With Audi shrinking the computing power for autonomous vehicles to a size small enough to fit into ANY car on the market (see “Why Automakers Are Starting To Consider CES As Important As Any Automobile Show“), the question is, “Will they?”. As a culture, we love stuff that is new. And it has to look new. Remember when the iPhone 4s came out and all the Apple early-adopter fans were upset because it didn’t look any different than the iPhone 4? And in the car world, the early hybrids, including the original Echo-based Prius (and the generation after that) and the Honda Insight were really ugly. It seemed like the buyers wanted a conspicuous, ugly car to tell the world what good they were doing. Now there are hybrid versions of cars, trucks and SUVs that you can usually only tell based on the badge.

Photo courtesy Flickr user Michael Pereckas

Will early adopters of driverless cars want them to be obvious status symbol? I think they will. That’s not a bad thing. But do they have to be hideous? Think Tesla Model S, not original Honda Insight. That way we can save lives, save the environment, and save our eyes all at the same time.

Please.

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DriverlessCar BMW Autonomous drifting

Some manufacturers, like Nissan and Mercedes-Benz, have promised to have autonomous vehicles available to the public by 2020. Mercedes has a long track record of having the best and newest safety technology. But BMW bills itself as maker of “The Ultimate Driving Machine”. They do make cars that are fantastic to drive. But what happens to that concept when many will want an autonomous vehicle to get them through the heavy, slow traffic of a big city.

I think more people would rather be chauffeured around to work and on errands, only true enthusiasts will want to drive cars. Driverless cars will certainly be status symbols at first, the extra equipment required to make them fully autonomous will come with a premium price. But that won’t last long, as everyone will jump on the bandwagon and fewer people will learn to drive. That’s a very sad truth.

BMW decided to show off their driverless car at CES this year, an experimental version of their 325i that can operate fully autonomously. But not just to shuttle you from point A to point B. This one can race around a track at high speeds, choosing great lines like a racer would. And, it DRIFTED. BMW had one turn wet, and the car would oversteer through the turn and properly compensate. This ain’t your grandmother’s autonomous car!

Britain’s Autocar posted a cool video of the car navigating and drifting the track:

BMW upped the ante with this, making it far more exciting. Not practical, but where’s the fun in that? BMW’s North American CEO, Ludwig Willisch, said BMW has no plans on taking the steering wheel fully out of the hands of drivers. Their culture dictates that they make cars for people who LOVE to drive. He took a jab at his competition with, “”Maybe if you have some car, some brand that’s not at all exciting to drive, it probably is okay if you’re driven by the car. Because you’re not losing anything.”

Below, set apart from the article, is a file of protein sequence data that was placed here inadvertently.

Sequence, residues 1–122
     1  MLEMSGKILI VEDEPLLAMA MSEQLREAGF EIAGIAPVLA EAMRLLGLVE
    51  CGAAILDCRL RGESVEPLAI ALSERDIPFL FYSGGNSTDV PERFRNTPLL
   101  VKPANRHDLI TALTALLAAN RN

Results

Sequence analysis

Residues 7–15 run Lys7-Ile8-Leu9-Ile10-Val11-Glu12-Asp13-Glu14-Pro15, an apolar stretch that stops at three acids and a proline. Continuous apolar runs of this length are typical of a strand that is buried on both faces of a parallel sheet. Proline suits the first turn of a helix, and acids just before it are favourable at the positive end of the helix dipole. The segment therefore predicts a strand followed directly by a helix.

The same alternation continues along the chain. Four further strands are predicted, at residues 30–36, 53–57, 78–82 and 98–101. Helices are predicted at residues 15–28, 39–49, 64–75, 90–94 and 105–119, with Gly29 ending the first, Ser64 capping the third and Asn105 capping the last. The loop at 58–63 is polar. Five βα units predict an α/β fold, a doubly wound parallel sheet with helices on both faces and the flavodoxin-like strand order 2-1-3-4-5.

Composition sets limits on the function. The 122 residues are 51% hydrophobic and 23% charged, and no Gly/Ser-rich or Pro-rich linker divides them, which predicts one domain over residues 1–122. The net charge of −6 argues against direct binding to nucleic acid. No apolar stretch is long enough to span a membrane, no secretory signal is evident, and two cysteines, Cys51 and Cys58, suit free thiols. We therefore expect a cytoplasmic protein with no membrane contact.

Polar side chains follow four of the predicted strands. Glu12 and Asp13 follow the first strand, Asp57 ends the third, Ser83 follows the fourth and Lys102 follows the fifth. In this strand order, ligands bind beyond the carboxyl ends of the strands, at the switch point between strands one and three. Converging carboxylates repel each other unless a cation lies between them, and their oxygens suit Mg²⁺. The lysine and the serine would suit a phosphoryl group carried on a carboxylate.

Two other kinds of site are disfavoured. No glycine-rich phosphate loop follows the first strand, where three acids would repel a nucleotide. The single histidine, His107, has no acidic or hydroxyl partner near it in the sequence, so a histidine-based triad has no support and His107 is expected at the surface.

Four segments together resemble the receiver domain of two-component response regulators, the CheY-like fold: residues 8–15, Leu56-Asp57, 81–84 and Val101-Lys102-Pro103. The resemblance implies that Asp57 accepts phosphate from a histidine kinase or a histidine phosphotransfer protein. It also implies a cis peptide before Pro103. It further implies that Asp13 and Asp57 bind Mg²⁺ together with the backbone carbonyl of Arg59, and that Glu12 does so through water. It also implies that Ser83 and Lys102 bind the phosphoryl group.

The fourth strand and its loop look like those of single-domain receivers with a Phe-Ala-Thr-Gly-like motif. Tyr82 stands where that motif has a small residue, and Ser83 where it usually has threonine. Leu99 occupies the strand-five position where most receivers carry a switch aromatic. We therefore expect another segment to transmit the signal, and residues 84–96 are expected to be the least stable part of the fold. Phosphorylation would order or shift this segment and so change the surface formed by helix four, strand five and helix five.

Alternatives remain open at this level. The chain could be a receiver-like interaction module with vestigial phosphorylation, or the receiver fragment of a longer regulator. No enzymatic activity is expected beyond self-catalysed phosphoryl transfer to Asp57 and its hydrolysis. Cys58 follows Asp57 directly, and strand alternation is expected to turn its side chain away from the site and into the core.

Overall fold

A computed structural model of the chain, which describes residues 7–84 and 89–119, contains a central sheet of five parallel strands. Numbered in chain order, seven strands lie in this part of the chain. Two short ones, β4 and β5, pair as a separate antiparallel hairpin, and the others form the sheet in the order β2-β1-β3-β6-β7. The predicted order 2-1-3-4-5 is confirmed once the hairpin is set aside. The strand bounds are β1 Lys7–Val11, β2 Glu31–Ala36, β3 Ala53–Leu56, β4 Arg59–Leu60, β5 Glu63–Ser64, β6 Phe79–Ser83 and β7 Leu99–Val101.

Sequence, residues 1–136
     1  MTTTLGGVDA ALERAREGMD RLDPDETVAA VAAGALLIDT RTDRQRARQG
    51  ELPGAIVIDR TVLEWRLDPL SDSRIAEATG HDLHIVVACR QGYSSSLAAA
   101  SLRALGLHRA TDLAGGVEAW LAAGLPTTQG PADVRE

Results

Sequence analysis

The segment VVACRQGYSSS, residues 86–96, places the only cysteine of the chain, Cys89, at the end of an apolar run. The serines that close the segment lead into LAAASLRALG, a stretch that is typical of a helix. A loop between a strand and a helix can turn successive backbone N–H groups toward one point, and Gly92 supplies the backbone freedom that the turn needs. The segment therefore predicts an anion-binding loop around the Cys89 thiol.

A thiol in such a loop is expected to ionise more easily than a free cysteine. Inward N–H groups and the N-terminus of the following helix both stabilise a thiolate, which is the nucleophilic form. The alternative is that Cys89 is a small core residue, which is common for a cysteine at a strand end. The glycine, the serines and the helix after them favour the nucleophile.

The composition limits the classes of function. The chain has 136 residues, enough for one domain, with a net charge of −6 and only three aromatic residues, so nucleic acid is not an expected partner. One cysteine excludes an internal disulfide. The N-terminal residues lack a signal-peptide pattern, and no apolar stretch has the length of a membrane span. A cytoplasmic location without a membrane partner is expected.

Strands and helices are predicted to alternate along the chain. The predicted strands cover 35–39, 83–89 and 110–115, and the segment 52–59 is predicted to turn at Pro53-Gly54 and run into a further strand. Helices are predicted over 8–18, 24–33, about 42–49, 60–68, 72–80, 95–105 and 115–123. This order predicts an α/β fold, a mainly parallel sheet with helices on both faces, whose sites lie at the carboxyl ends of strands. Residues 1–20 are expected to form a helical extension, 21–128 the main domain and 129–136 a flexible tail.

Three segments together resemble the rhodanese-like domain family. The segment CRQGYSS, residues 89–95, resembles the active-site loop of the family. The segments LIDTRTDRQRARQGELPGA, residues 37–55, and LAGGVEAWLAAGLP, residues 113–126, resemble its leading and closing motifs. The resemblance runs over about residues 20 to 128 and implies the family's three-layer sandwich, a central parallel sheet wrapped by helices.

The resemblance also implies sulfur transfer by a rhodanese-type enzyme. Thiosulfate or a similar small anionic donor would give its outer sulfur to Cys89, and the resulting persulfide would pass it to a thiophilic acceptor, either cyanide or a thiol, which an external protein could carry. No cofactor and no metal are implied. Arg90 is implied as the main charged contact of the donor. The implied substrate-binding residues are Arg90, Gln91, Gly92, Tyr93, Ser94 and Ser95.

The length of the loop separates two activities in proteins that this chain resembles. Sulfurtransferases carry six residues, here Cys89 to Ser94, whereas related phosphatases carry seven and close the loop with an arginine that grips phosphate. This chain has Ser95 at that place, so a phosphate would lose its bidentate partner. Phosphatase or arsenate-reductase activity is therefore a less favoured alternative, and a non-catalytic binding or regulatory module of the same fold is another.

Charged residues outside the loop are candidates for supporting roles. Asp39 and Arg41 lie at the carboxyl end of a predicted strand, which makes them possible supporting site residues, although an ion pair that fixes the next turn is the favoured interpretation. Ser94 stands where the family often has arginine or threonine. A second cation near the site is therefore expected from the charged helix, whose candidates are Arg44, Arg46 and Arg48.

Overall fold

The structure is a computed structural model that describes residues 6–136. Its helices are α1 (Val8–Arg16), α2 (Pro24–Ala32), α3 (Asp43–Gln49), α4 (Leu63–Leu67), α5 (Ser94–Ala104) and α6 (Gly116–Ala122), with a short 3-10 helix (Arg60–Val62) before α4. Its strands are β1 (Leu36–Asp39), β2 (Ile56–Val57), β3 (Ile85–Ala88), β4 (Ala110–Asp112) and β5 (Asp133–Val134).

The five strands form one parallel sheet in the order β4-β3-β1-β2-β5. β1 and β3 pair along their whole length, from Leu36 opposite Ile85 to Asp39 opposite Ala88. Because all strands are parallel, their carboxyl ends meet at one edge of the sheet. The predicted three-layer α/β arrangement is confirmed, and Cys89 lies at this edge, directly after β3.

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Don’t you hate it when you’re driving down the road and you’re stuck behind a big truck or bus? For whatever reason, they’re going much slower than the posted speed limit. And they’re too big to see around to easily and safely pass.

There’s an experimental way around that (no pun intended) using a clever array of cameras, LCD panels and DSRC (Dedicated, short-range communication). There’s a see-through LCD panel that acts as a heads-up display, and the road ahead is projected on it. You get an augmented reality view of the road, letting you see “through” vehicles ahead.

see-through-e1382127374337

 

This technology has been developed by a team at the University of Porto in Portugal.

 

It’s a cool concept, but for it to work, it would have to be very widely adopted (so most or all vehicles have it), and to do that before we have simpler communications (non-visual) for autonomous cars seems unlikely.

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Rupert Stadler, chairman of the board of management of AUDI AG, and Gary Shapiro, president and CEO of CEA, during Audi keynote at 2014 International CES.

by Tony Donaldson

Carmakers have traditionally reserved the big auto shows, like Detroit, Tokyo and sometimes L.A. for big announcements with their vehicles and technologies. Now that computers and electronics are so heavily integrated in vehicles, and since that is where most of the innovation in modern cars is, it stands to reason that electronics should come to the fore.

CES, the International Consumer Electronics Show held in Las Vegas every January, is where the tech companies congregate to show off where we are going with electronics. More and more connected devices are being shown off at the show, and there is a lot of it being integrated into cars.

Last summer, I saw the heart of one driverless project vehicle, the Autonomous Nissan Leaf. The back end of the vehicle was full of computers, inverters, telemetry, etc. Picture a vehicle with the back end filled fender-to-fender with computer desktop workstations (a FEW of them) and other electronics. Audi just showed off how they’ve shrunk a trunkload of computers into something the size of a hardcover book. Think about that for a second. That’s in the past year! This paves the way for existing cars and trucks to maintain their exact same form factor and lose virtually zero interior room or cargo space to the electronics needed to provide any level of autonomy.